Consistent with TAM, (Davis, 2011) the research findings show that attitude towards an electronic kardex is positively related to usability factors, such as perceived usefulness and perceived ease of use. Such findings support previous work on EMRs (Mijin, 2019; Sayyah Gilani, 2017) and electronic health records for nursing education (Kowitlawakul et al., 2015).  However, what is interesting is that authors found that perceived usefulness, instead of perceived ease of use, served as a significant mediator when estimating the relationship of system characteristics (i.e., perceptions of key functionalities and intuitiveness of user interface) and attitude toward the electronic kardex. A possible reason for this is that the respondents tend not to have any electronic forms available for such clinical routines. It is crucial to note that most hospitals in the Philippines lag behind the adoption of health information technologies (Bautista & Lin, 2016; Bautista, Lin & Theng, 2020). As such, although the electronic kardex’s functionalities and intuitiveness can have a positive effect on attitude, the mechanism is that these system characteristics contribute to its perceived usefulness, which then leads to a positive attitude towards it. The results contribute to extending TAM’s reach by having system characteristics as additional direct antecedents for perceived usefulness and perceived ease of use, and indirect antecedents for attitude towards the electronic kardex.

Limitations and Future Direction

Although the study provides key insights in further developing the Open-NIS electronic nursing kardex, there are several limitations that need to be acknowledged. First, it is crucial to note that the results were derived from a private hospital in the Philippines and might not be generalizable to public hospitals. As such, future versions of the electronic kardex will also be tested in public hospitals so that it can capture usability issues from both types of hospitals in the Philippines. Next, the study delimited on using attitude as the terminal construct of the study.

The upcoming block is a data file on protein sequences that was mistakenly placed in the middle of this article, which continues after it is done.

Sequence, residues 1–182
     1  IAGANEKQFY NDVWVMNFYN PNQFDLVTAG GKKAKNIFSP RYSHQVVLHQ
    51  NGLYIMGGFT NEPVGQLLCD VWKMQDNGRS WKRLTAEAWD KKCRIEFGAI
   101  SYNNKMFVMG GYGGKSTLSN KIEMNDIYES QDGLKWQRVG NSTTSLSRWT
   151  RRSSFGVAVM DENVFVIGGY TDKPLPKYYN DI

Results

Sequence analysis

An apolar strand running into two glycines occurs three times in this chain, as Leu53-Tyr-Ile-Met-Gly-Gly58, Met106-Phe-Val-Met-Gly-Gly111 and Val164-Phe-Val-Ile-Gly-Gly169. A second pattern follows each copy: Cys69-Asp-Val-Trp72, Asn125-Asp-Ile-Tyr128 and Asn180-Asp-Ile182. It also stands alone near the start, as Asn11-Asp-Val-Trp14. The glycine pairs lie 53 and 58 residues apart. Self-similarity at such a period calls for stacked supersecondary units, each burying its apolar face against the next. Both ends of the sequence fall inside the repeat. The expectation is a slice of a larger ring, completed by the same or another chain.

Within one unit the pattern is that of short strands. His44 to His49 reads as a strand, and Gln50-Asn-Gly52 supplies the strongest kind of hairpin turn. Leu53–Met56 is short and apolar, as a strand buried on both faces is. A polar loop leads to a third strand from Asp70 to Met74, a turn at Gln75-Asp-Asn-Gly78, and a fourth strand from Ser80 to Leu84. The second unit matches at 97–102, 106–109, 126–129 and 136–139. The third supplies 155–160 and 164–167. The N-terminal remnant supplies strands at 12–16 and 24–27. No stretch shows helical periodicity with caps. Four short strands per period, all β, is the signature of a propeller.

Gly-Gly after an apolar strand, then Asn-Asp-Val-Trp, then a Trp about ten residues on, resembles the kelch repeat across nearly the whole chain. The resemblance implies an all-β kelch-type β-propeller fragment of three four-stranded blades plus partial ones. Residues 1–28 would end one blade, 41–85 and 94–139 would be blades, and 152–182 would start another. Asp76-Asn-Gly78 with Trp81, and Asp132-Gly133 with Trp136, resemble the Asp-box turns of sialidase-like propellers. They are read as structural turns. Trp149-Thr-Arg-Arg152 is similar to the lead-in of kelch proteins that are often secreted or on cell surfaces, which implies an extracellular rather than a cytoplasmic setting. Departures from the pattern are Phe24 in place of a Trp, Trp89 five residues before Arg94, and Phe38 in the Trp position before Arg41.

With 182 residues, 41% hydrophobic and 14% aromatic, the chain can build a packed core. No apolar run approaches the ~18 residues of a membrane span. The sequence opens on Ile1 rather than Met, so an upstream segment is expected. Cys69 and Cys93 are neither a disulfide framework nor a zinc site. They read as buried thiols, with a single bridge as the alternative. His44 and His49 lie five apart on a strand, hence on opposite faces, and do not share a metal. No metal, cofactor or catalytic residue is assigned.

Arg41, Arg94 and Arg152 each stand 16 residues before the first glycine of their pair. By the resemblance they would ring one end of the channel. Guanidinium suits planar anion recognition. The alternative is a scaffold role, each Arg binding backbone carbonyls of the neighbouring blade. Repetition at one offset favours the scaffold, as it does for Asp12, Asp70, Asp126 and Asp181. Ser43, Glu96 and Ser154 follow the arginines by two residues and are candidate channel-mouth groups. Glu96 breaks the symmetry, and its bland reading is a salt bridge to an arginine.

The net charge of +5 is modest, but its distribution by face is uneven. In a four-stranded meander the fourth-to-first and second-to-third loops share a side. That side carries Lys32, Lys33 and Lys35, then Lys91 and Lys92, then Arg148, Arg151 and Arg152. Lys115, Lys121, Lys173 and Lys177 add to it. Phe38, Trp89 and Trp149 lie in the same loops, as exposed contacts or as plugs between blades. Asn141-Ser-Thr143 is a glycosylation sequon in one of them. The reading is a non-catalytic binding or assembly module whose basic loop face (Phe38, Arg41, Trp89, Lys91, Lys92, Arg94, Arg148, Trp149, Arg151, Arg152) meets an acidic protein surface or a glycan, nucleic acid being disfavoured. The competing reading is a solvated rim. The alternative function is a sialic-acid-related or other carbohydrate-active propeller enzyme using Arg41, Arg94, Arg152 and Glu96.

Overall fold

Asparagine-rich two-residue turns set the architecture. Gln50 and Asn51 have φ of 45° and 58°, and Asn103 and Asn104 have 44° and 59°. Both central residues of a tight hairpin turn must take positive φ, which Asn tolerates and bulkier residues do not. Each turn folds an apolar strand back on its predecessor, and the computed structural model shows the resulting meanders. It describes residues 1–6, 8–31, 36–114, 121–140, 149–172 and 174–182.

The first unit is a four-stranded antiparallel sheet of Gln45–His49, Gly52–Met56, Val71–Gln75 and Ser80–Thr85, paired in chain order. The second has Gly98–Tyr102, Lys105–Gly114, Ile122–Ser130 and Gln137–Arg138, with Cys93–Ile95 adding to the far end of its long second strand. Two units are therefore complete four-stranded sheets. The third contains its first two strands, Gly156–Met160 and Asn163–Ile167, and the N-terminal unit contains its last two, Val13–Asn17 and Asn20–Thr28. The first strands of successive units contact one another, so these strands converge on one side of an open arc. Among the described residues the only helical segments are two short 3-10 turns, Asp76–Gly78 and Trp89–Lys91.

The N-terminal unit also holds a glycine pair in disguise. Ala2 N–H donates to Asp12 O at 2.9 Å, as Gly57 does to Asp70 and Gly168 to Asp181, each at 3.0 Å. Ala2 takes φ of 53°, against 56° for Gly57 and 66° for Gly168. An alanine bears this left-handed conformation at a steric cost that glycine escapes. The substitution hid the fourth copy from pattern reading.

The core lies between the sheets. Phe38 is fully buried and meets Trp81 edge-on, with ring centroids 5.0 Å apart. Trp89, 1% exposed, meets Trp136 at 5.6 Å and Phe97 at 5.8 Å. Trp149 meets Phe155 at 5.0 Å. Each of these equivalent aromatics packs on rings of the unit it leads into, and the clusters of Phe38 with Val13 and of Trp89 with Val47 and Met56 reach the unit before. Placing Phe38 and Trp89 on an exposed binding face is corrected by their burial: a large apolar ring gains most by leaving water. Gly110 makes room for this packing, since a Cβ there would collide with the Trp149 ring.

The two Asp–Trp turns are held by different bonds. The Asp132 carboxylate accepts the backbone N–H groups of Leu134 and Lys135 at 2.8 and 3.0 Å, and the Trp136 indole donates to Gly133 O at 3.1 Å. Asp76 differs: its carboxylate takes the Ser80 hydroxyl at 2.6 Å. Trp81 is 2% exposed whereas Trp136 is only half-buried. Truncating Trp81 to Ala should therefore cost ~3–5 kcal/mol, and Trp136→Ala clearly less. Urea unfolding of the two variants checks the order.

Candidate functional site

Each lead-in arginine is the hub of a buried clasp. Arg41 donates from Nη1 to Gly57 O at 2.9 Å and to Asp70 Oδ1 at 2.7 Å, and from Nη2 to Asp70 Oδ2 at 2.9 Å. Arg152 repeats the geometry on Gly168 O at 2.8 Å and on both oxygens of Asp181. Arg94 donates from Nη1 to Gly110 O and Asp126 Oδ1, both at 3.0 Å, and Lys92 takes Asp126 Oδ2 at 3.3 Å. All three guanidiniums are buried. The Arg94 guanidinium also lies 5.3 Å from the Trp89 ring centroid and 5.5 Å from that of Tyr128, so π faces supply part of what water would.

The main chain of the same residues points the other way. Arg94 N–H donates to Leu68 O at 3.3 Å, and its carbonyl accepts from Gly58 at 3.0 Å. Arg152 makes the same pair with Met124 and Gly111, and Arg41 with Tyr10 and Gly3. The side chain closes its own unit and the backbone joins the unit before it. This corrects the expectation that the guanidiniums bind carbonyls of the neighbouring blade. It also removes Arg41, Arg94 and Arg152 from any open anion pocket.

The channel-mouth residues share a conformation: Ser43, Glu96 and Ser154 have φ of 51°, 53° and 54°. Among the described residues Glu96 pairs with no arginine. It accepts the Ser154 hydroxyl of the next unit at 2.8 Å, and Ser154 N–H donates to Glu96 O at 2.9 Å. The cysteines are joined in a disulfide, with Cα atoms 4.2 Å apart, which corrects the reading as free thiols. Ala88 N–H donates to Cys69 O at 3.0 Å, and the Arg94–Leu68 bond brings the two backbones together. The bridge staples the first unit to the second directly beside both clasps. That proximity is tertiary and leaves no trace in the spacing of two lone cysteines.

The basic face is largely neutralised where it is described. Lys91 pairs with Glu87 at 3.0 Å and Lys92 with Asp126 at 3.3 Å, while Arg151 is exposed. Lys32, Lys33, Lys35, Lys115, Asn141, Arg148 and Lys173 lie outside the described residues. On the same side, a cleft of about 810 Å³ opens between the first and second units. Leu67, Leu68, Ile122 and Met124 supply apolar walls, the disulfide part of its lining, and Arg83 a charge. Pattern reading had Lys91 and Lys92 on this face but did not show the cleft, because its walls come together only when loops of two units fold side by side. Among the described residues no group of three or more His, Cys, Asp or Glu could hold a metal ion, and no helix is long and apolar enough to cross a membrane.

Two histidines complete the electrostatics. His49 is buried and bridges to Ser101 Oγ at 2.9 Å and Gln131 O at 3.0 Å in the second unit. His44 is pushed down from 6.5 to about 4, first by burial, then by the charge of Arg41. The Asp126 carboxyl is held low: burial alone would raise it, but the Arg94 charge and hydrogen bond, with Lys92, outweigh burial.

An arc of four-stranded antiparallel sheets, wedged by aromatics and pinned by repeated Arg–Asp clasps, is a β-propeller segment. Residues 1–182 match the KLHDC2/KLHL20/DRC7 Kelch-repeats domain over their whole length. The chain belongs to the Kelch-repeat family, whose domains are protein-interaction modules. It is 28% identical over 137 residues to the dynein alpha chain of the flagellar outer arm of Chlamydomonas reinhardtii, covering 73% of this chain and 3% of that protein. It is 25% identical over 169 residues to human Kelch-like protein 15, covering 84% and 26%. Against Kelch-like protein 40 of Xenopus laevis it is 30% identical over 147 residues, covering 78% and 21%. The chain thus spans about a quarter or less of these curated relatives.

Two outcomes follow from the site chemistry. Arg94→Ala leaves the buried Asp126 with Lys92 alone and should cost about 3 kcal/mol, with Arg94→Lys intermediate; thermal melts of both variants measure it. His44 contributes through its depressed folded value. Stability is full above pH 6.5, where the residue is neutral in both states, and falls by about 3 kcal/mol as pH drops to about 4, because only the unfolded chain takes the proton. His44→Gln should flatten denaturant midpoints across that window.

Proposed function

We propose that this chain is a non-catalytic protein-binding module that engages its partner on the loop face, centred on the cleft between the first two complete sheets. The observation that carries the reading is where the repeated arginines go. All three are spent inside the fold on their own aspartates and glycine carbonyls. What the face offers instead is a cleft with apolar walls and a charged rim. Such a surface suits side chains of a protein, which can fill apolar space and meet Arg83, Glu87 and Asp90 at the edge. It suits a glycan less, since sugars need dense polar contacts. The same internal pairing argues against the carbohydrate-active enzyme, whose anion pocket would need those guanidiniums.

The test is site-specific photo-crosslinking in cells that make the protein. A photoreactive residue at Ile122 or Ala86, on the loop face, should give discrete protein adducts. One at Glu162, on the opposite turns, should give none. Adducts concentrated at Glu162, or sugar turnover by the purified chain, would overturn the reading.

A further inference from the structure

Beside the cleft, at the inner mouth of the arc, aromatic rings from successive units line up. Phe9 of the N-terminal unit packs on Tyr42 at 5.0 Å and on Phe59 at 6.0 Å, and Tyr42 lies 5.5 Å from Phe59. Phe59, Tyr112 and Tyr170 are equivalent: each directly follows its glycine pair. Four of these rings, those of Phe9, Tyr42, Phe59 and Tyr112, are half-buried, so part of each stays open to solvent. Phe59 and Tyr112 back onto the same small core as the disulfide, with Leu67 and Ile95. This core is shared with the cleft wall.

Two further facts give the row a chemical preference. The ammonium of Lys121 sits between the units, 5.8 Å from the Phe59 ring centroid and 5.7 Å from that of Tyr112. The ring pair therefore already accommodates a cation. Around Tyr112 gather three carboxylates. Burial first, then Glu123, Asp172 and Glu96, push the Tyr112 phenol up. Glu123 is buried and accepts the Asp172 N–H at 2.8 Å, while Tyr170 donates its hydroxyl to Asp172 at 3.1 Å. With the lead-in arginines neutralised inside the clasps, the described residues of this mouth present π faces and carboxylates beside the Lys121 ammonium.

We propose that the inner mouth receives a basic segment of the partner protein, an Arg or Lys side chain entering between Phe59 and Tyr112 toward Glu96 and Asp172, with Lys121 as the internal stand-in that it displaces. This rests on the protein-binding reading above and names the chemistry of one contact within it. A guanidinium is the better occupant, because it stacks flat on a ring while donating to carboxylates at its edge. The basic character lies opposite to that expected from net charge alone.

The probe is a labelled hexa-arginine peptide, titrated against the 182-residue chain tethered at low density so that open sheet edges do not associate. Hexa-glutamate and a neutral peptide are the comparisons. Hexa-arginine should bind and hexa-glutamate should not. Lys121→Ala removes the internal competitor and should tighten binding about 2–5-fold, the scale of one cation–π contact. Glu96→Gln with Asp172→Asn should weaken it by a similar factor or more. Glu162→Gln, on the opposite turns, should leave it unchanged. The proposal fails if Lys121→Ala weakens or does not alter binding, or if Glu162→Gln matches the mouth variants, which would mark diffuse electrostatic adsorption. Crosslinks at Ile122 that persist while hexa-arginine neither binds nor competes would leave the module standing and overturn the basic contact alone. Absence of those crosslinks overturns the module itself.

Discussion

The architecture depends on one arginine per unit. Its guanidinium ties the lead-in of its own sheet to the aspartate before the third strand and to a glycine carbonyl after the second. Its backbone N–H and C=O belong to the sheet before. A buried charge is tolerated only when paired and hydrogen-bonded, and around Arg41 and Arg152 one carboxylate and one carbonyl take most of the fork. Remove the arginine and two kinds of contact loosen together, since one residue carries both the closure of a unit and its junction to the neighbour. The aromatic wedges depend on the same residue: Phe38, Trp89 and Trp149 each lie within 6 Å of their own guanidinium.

While some might argue that the researchers should have included other constructs, such as intention to use and actual usage, the authors argue that the electronic kardex was just a prototype (it only had hypothetical details) in which it would be unrealistic for nurses to indicate their intention to use it. Therefore, future work would include working with hospitals to deploy it and conduct another study that would include intention to use and actual usage as well as other usability factors (e.g., compatibility, security, accuracy, reliability, etc) (Mijin et al., 2019).

Conclusion

As one of the primary providers of healthcare, nurses are at the forefront of quality healthcare service. With this, nurses should be creative in coming up with practical and realistic solutions to problems in logistics and workflow. The nursing kardex is a tool that every nurse can claim as their own and be proud of. Hence, the creation of the nursing kardex hailed from the need of nurses to process data and information that could, otherwise, have been lost in separate sections and entries in the patient’s chart. Transforming the traditional concept and use of the nursing kardex into its electronic form means making the knowledge and wisdom needed to provide care for patients readily available in a digitized manner through electronic storage and retrieval.

In this study, the researchers developed and tested a prototype electronic nursing kardex. Results show that the users had a positive attitude towards it. This positive attitude was informed by its key functionalities and intuitiveness through perceived usefulness rather than its perceived ease of use. Future studies will be aimed at improving the electronic kardex and performing extensive usability testing.

Acknowledgements

The authors would like to thank the nurses who participated in the survey, and the assistance of Mr. Hussein Catanyag.